Spreadsheet Input Template (with actual data)
|POLASCAN INPUT TEMPLATE
|= Auto Log Readings
|CTRL+PgUp for EXAMPLE
|= Stop Auto Log
|PLAN ELEVATIONS: (ENTER WATER DEPTHS)
The data analysis phase consists of the following steps:
• Spreadsheet Organization
• External Data Input
• Anode Current and Current Density Computation
• Remaining life Computation
• Final Reporting
Spreadsheet Organization - The raw field data sheets are imported into an organization template which performs the following functions and calculations. This is a macro driven process and takes only a few minutes for each field template.
• Error trapping of all numbers.
• Organize data columns to always be in shallow to deep order.
• Generate single number anode and effective cathode potential list (the most negative anode potential is returned and paired with the average cathode value at the ends of the member to which the anode is attached.
• Prepares graphic output of all scans, sets limits to scale all scans on platform the same.
• Prepares a tabular listing of scans.
External Data Input - Table 3. shows additional information which is reqUired in order to perform a full data analysis along with the source and the criticality of the information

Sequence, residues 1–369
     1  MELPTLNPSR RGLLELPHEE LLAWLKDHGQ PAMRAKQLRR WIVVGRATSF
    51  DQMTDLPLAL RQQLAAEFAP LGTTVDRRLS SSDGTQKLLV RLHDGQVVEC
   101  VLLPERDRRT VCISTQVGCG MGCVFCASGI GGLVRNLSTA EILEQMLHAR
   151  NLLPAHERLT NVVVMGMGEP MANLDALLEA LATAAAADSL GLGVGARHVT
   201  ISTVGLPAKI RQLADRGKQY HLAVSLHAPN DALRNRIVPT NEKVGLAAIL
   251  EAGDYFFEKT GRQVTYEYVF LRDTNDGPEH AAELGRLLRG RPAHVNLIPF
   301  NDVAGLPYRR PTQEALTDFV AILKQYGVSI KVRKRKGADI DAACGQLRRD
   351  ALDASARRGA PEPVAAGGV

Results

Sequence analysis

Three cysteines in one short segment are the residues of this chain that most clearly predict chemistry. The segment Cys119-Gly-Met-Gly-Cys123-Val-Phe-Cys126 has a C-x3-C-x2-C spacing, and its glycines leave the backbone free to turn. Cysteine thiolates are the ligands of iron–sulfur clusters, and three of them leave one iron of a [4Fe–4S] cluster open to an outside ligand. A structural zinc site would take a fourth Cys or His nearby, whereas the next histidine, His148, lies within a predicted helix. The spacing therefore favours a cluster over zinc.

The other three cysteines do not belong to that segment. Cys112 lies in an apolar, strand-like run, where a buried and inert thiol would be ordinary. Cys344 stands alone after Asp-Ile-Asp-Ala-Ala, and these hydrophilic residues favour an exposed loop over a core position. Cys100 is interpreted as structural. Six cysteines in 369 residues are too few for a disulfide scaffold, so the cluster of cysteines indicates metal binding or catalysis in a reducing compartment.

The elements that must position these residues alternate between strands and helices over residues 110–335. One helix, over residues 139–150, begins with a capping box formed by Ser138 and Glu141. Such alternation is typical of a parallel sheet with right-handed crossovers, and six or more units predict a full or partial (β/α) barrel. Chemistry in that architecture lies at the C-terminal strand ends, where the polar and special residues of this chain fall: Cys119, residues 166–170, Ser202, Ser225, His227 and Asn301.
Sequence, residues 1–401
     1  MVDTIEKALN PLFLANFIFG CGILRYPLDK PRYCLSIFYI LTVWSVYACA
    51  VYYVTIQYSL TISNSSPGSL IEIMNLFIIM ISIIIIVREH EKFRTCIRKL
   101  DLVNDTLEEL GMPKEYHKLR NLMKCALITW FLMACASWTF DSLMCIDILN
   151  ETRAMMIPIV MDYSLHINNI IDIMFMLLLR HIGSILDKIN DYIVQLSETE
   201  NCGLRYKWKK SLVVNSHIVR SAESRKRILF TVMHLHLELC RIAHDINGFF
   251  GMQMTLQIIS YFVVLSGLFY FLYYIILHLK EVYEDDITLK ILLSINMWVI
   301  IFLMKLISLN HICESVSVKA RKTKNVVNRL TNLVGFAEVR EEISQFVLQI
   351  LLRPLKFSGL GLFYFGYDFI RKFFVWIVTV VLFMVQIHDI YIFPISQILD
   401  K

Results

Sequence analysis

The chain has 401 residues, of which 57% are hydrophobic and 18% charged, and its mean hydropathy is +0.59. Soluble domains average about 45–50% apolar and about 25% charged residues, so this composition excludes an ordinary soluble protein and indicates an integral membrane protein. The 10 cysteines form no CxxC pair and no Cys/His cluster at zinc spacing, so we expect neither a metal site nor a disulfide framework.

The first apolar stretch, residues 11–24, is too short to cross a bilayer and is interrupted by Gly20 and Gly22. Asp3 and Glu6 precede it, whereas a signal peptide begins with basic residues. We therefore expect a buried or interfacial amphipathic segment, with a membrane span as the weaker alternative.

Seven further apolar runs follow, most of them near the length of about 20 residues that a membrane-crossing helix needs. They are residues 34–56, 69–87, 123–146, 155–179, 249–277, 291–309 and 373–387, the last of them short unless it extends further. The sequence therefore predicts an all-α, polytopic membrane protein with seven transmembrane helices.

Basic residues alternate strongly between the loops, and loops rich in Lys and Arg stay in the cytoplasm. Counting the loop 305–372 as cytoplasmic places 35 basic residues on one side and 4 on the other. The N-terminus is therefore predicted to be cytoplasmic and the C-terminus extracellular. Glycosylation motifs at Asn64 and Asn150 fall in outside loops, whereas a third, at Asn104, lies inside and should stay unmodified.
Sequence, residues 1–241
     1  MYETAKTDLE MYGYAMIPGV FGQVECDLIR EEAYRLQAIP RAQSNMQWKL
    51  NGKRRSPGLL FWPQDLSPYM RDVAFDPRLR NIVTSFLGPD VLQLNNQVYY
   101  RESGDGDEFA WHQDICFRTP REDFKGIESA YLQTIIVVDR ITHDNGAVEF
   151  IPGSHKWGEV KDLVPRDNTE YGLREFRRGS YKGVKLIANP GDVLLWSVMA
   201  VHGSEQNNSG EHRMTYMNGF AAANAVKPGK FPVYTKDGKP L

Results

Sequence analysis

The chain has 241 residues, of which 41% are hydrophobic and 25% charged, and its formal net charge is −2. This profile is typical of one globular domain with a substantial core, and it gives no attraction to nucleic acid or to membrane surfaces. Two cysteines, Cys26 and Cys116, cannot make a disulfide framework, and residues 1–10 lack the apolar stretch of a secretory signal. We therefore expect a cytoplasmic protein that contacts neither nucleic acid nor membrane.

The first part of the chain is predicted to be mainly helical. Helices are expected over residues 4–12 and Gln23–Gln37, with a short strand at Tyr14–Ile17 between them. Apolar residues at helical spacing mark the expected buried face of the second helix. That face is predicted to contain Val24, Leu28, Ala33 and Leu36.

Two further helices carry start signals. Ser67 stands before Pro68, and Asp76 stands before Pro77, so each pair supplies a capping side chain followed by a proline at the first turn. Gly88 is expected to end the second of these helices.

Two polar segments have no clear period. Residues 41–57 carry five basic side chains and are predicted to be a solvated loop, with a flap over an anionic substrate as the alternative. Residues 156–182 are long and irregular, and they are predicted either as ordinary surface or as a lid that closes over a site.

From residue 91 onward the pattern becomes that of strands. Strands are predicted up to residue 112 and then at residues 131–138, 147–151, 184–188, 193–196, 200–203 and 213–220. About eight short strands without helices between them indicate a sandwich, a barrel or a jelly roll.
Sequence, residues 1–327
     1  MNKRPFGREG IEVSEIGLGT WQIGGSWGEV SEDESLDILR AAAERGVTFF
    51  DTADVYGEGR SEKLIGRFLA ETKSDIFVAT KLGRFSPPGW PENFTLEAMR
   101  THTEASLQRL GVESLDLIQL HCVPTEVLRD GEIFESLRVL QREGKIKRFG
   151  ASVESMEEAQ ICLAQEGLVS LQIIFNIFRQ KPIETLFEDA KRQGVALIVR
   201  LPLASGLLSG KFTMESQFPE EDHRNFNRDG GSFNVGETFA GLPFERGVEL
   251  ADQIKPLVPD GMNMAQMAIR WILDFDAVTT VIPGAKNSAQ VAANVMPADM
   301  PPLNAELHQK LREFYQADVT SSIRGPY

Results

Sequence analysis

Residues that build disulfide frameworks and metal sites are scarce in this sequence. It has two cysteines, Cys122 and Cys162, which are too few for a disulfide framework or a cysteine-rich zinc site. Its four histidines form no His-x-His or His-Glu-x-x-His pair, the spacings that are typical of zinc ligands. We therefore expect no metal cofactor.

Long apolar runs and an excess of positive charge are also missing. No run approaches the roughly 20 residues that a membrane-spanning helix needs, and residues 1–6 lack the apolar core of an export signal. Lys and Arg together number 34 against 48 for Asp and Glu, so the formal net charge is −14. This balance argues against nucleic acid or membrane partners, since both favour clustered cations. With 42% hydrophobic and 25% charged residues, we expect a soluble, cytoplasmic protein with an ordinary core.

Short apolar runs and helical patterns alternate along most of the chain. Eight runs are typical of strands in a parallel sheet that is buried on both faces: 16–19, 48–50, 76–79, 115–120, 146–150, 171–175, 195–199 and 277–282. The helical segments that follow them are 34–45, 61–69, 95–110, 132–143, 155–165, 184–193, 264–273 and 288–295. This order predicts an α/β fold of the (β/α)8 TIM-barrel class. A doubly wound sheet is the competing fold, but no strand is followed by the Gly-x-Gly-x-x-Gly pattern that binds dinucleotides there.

|FOR PLATFORMS OVER 10 YEARS OLD ONLY THE YEAR IS REQUIRED, FOR NEWER PLATFORMS MONTH REQUIRED.
|STICK DRAWINGS OK IF SURFACE AREA IS KNOWN, OTHERWISE DIMENSIONED DRAWINGS WILL BE REQUIRED.
|ORIGINAL CP DESIGN CRITERIA
|SURFACE AREA, CURRENT DENSITY AND DESIGN LIFE, THESE CAN BE BACK CALCULATED BUT ADDS TIME TO REPORTING PHASE.
|ORIGINAL ANODE SIZE
|LENGTH, WIDTH, HEIGHT, WEIGHT, CORE SIZE.
|ORIGINAL ANODE NO.
|CAN BE PHYSICALLY COUNTED.
|CAN BE DEDUCED FROM SURVEY
|DETAILS OF RETROFIT: WHEN? NUMBER / TYPE OF ANODES?
|DEEPWATER HAS IN-HOUSE DATABASE WITH THIS INFORMATION.
|DISTANCE OF PROBE FROM MEMBER (ROV SURVEYS), OR PROBE
SENSING CORRECTION DISTANCE.
|GENERAL DEPTH AT WHICH ANODE POTENTIALS ARE RECORDED.
|CIRCUMFERENCE, PITTING FACTOR RECORDED ON CLEANED
Anode Current & Current Density Computation - Each surveyed anode has current output calculated in the spreadsheet using the same calculations as would be used to estimate the output of an anode in a new design. The only change is that the "2L rather than the 4l=L" version of Dwight's Equation is used. This is based on field matched data described by Mateer1. Thus:
Anode Resistance R = (r 12pl) (In(2ll r)-1) Ohms ............... (1)
R = water resistivity (W-cm),
L = anode length (cm)
r = effective anode radius (cm)
Resistance is applied to Ohm's law to estimate current output:
Anode Current I =V IR ............................................................ (2)
V = Effective driving voltage (Anode potential minus cathode potential)
R =Anode resistance from equation (1)